Mark 3:20-21, Matthew 12:22-37, Mark 3:30-35, Jesus’ sanity in question during a debate with the Pharisees (probably in Capernaum) (4/18/14)

Have you ever heard the saying, “Jesus was either a lunatic, a liar, or the Son of God”? This saying is not recorded in the Bible; however, there were people during his own lifetime who thought he might be a lunatic, or at very least in need of some enforced quiet time. In today’s passage, both Jesus’ family and the Pharisees think he is out of his mind.

First let’s think about his family. Their relative John was preaching in the desert, attracting huge crowds, criticizing the establishment, jailed, and beheaded. Now Jesus is preaching in the desert, attracting huge crowds, criticizing the establishment, and .... You’ve got to have at least some sympathy for their feeling that he was out of his mind!

The Pharisees are a different story. They see a man who is working miracles of healing, and they conclude that he is possessed by a demon, that is, mentally ill (vss. 24, 30). This is not only morally wrong, it’s completely illogical, because demons cause illness, they don’t participate in curing illness! (Remember our study on demons which you can find here.) Jesus points out their errors of logic (vss. 25-30, 33-35) and their danger of condemnation for falsely attributing to demons the works of the Holy Spirit (vss. 31-32, 36-37).

More of The Chronological Gospel

Birth Announcements and Early Lives of Jesus and John the Baptist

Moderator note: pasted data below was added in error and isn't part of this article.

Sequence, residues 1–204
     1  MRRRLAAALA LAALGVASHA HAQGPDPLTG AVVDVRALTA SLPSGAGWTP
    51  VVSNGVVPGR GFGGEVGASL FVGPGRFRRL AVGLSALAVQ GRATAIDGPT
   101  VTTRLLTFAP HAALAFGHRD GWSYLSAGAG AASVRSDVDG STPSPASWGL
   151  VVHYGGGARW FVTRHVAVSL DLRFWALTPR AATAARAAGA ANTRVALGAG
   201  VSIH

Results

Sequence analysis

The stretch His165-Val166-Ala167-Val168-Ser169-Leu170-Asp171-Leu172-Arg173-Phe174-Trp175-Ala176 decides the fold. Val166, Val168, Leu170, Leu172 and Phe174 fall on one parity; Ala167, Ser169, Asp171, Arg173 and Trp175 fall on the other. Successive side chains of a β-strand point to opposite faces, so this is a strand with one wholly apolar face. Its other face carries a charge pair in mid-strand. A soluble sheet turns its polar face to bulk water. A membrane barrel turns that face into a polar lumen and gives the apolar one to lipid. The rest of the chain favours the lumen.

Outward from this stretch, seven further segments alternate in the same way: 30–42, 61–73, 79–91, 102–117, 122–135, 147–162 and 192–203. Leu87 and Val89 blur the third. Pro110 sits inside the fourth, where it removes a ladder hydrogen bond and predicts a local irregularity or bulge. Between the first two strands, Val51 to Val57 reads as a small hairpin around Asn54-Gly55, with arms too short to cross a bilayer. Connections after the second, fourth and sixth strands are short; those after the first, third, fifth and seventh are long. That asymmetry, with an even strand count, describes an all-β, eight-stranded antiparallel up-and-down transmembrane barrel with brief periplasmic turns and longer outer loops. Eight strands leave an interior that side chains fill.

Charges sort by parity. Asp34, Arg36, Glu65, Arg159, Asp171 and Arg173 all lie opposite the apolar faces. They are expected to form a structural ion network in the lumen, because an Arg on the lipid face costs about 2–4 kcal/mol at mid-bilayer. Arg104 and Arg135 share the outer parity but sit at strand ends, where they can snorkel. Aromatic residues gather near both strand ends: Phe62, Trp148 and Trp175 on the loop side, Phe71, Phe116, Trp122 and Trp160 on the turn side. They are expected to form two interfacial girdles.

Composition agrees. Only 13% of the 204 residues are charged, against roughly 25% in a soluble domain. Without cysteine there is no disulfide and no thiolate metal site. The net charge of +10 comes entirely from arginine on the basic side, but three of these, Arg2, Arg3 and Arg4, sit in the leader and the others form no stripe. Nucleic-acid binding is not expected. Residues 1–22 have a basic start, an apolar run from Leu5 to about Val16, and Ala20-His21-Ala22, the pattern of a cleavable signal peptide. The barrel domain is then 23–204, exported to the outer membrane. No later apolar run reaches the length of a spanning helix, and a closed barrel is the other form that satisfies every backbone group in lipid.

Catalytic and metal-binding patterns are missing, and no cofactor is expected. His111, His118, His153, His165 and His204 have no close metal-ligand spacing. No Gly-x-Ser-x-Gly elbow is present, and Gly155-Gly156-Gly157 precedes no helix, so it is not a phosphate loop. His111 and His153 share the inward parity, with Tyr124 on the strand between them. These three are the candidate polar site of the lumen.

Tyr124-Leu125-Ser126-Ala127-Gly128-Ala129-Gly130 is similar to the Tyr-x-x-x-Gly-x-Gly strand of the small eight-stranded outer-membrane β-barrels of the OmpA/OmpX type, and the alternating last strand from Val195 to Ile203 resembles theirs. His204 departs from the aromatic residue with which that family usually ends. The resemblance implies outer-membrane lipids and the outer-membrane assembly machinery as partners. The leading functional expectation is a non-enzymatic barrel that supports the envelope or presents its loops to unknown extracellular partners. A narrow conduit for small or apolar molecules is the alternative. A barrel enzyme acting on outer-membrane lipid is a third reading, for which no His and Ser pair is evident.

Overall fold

Early Ministries of Jesus and John the Baptist
Jesus’ Early Ministry
Jesus’ Galilean Ministry
Sabbath Controversies
The Sermon on the Mount
The Sermon on the Plain
John the Baptist
Signs and Parables
Miracles and Mission Trips
Bread of Life
Miracles and Meanings
Transfiguration and Teachings
To Jerusalem for the Festival of Tabernacles
Some Results of Luke’s Research
Light
More of Luke’s Research
On the Road Again
The Raising of Lazarus
Holy Week: Palm Sunday and Monday
Holy Week: Tuesday, Parables and Questions
Holy Week: Wednesday Part 1, Discussions
Holy Week: Wednesday Part 2, Be Ready!
Holy Week: Thursday Part 1, Jesus' Celebration of the Passover
Holy Week: Thursday Part 2, Jesus' Farewell Discourse
Holy Week: Friday Part 1, Jesus' Arrest and Two Informal Trials
Holy Week: Friday Part 2, More Trials
Holy Week: Friday, Part 3, and Saturday, Jesus' Death and Burial
The Empty Tomb
Final Appearances of Jesus Prior to Pentecost

Copyright 2014 by Regina L. Hunter. All rights reserved. Scripture readings are from the Weymouth New Testament (1912). This page has been prepared for the web site by RPB.

Opinions expressed on this page are solely those of the author, Regina Hunter, and may or may not be shared by the sponsors or the Bible-study participants.  Thanks to the Holy Spirit for any useful ideas presented here, and thanks to all the readers for their support and enthusiasm.  All errors are, of course, the sole responsibility of the author.